Recall that the error matrix D_{e}=diag(F_{J}T_{1}e) does not contain known symbols. Since F_{J}T_{1 }is a Vandermonde matrix of the form (23), the maximum diversity gain is achieved, as discussed in Section I-C for redundant LP-CP-only.

In the CP-based schemes depicted in _{J} ^{(K)}, we have P=P_{J} ^{(K)}s(i)=[[P_{K} ^{(0)}d(i)]^{T}, [P_{L} ^{(0)}b(i)]^{T}]^{T}, which implies that both the data block and the known symbol block are time reversed, but keep their original positions. The last L entries of P_{J} ^{(K)}s(i) are again known, and are then replicated as cyclic prefixes. For this special case, we depict the transmitted sequences in

E. ZP-Only

Suppose now that in AP-CP-only, we let b(i)=0 instead of having known symbols drawn from the constellation alphabet, and we fix P=P_{J} ^{(K)}. Now, the adjacent data blocks are guarded by two zero blocks, each having length L, as depicted in

By mathematically viewing ZP-only as a special case of AP-CP-only with b(i)=0, it is clear that the maximum diversity is achieved. In addition to the rate improvement, ZP-only also saves the transmitted power occupied by CP and known symbols.

For convenience, we list all aforementioned schemes in Table 1, assuming a rich scattering environment. Power loss induced by the cyclic prefix and the known symbols, is also considered. It certainly becomes negligible when K>>L.

F. Links with Multicarrier Transmissions

In this section, we link single carrier with digital multicarrier (OFDM based) schemes. We first examine the transmitted blocks on two consecutive time intervals. For LP-CP-only, the transmitted space-time matrix is:

If let P=P_{J} ^{(l) }and Θ=F_{J} ^{H}ψ, we obtain for a general matrix ψ.

TABLE 1 | |||||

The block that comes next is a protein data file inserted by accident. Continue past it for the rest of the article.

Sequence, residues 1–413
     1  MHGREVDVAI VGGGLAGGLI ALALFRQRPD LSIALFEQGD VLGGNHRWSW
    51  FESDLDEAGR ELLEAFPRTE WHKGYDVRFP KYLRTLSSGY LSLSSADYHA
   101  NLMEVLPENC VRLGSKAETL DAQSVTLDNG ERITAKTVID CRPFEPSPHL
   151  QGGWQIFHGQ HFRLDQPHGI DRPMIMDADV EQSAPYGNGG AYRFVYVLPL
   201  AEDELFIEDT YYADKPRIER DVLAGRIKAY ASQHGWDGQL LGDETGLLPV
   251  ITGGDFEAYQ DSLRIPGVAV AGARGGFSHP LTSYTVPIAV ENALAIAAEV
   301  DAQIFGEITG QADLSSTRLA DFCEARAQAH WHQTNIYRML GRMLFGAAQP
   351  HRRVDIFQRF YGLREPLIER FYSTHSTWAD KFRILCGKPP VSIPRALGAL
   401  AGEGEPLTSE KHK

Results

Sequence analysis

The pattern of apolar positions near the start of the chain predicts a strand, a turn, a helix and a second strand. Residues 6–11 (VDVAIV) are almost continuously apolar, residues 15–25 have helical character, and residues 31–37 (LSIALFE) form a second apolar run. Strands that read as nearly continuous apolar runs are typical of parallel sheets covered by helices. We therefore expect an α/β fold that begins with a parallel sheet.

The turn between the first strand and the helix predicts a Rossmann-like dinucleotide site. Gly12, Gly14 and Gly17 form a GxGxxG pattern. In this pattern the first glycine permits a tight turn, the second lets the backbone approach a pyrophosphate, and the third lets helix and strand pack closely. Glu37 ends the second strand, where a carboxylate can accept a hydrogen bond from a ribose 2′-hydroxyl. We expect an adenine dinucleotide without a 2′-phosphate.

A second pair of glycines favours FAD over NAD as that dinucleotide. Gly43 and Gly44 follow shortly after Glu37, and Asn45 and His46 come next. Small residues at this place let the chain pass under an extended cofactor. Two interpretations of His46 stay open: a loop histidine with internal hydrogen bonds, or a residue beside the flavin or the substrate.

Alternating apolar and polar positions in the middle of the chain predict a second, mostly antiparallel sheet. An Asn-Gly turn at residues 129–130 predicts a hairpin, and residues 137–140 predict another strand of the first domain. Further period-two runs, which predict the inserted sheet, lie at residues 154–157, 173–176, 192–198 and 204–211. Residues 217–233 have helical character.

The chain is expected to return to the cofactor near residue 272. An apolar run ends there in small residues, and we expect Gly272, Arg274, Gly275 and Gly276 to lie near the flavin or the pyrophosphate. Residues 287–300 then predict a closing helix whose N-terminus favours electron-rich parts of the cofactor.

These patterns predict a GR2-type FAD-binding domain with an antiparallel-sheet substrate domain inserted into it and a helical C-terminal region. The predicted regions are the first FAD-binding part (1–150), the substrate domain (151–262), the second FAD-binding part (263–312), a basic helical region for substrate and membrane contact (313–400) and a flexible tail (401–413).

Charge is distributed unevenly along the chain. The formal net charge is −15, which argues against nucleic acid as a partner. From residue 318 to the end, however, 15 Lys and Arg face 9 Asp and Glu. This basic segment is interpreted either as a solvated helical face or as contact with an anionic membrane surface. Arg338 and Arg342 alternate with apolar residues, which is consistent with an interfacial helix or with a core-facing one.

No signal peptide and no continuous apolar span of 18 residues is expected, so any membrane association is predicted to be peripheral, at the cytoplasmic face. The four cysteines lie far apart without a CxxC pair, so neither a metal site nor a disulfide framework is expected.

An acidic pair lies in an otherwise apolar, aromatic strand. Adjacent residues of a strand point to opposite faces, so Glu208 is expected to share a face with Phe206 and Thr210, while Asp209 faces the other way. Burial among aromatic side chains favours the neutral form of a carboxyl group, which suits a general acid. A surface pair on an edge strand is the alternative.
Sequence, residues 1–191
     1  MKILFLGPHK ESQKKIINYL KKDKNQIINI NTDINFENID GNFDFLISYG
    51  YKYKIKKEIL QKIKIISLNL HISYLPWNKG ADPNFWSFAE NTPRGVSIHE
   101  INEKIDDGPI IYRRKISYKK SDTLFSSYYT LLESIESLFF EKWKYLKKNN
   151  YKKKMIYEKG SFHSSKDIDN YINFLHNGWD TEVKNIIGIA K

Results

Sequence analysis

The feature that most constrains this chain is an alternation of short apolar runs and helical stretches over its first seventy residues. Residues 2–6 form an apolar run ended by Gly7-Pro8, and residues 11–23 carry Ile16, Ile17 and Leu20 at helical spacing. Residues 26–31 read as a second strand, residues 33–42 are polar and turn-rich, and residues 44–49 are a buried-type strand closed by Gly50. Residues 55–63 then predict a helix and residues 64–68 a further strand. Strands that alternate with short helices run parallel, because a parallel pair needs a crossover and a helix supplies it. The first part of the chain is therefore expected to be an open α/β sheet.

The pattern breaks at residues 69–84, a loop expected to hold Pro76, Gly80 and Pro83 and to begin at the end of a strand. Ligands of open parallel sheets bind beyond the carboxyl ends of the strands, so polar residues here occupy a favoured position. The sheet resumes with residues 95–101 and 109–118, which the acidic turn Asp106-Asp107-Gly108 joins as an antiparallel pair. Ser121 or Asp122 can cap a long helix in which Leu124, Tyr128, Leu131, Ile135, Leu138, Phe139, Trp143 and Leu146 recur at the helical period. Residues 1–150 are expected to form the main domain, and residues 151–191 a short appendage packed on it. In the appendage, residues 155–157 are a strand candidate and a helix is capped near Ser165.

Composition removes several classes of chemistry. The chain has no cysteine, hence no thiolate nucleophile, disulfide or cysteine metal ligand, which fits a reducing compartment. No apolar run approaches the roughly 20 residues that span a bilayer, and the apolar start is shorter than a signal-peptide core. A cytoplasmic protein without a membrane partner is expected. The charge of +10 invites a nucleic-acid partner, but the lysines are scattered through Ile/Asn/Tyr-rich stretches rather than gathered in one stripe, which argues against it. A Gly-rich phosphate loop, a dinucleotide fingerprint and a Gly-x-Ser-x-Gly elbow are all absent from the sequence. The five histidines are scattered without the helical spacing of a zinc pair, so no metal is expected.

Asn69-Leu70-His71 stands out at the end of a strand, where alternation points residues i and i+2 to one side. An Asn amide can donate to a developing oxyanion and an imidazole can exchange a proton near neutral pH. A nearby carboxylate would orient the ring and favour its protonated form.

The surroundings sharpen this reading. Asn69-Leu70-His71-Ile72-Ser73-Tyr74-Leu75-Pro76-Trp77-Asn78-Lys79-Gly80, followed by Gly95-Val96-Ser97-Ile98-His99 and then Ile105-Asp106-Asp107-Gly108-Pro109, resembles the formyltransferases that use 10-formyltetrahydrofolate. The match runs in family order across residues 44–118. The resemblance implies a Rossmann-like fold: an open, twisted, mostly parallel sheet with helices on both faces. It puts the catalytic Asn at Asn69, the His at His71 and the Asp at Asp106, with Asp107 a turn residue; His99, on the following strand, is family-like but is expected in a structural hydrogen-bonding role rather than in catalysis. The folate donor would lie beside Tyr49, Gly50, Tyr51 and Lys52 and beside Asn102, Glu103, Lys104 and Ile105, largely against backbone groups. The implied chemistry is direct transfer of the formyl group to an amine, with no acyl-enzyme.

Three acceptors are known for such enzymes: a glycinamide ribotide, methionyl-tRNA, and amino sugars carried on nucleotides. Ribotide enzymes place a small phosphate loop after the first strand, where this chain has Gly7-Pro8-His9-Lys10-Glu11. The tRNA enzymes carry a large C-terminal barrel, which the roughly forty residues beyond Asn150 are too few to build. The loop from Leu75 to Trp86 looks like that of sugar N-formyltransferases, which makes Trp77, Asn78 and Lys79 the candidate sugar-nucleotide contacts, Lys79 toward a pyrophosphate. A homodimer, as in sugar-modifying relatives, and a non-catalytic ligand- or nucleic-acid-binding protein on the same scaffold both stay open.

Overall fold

SUMMARY OF SINGLE CARRIER SCHEMES IN RICH-SCATTERING | |||||

ENVIRONMENTS | |||||

Rate R | Diversity G_{d} | Power Loss (dB) | Features | ||

CP-Only | | 2 | | Constant modulus (C-M)* | |

non-redundant LP-CP-only | | 2(L + 1) | | Constellation-specific precoder constant modulus | |

redundant LP-CP-only | | 2(L + 1) | | Constellation-independent Not C-M general | |

AP-CP-only | | 2(L + 1) | | Constellation-independent constant modulus | |

ZP-only | | 2(L + 1) | 0 | Constellation-independent C-M except zero guards | |

-only if information symbols have constant-modules, e.g. drawn from PSK constellations. |

If Ψ=I

Interestingly, linearly precoded OFDM can even be converted to zero padded transmissions. Indeed, choosing ψ to be the first K columns of F_{J}, we obtain the transmitted block as: u(i)=T_{cp}F_{J} ^{H}ψd(i)=[0_{L×1} ^{T},d^{T}(i),0_{L×1} ^{T}]^{T}, which inserts zeros both at the top and at the bottom of each data block.

G. Capacity Result

We now analyze the capacity of the space time block coding format of (1). The equivalent channel input-output relationship, after receiver processing, is described by (13) as: z= _{ }F_{J}s+η, where we drop the block index for brevity. Let I(z:s) denote the mutual information between z and s, and recall that I(z:s) is maximized when s is Gaussian distribute. Due to the lack of channel knowledge at the transmitter, the transmission power is equally distributed among symbols, with R_{s}=E{ss^{H}}=σ_{s} ^{2}I_{J}. Taking into account the CP of length L, the channel capacity, for a fixed channel realization, is thus:

Define E_{s}=2σ_{s} ^{2 }as the total transmitted power from two antennas per channel use. As the block size J increases, we obtain

The capacity for frequency selective channels with multiple transmit and receive antennas has been described with conventional techniques. The result in (28) coincides with that of some of these techniques when we have two transmit antennas and one receive antenna. Therefore, our proposed transmission format in (1) does not incur capacity loss in this special case. This is consistent with techniques where the Alamouti coding is shown to achieve capacity for frequency-flat fading channels with such an antenna configuration. To achieve capacity for systems with two transmit antennas and a single receive antenna, it thus suffices to deploy suitable one-dimensional channel codes, or scalar codes.

II. Equalization and Decoding

Let _{12}F_{J}T_{2}b(i) for AP-CP-only. With this convention, we can unify the equivalent system output after the linear receiver processing as:

* z *(

where A:=F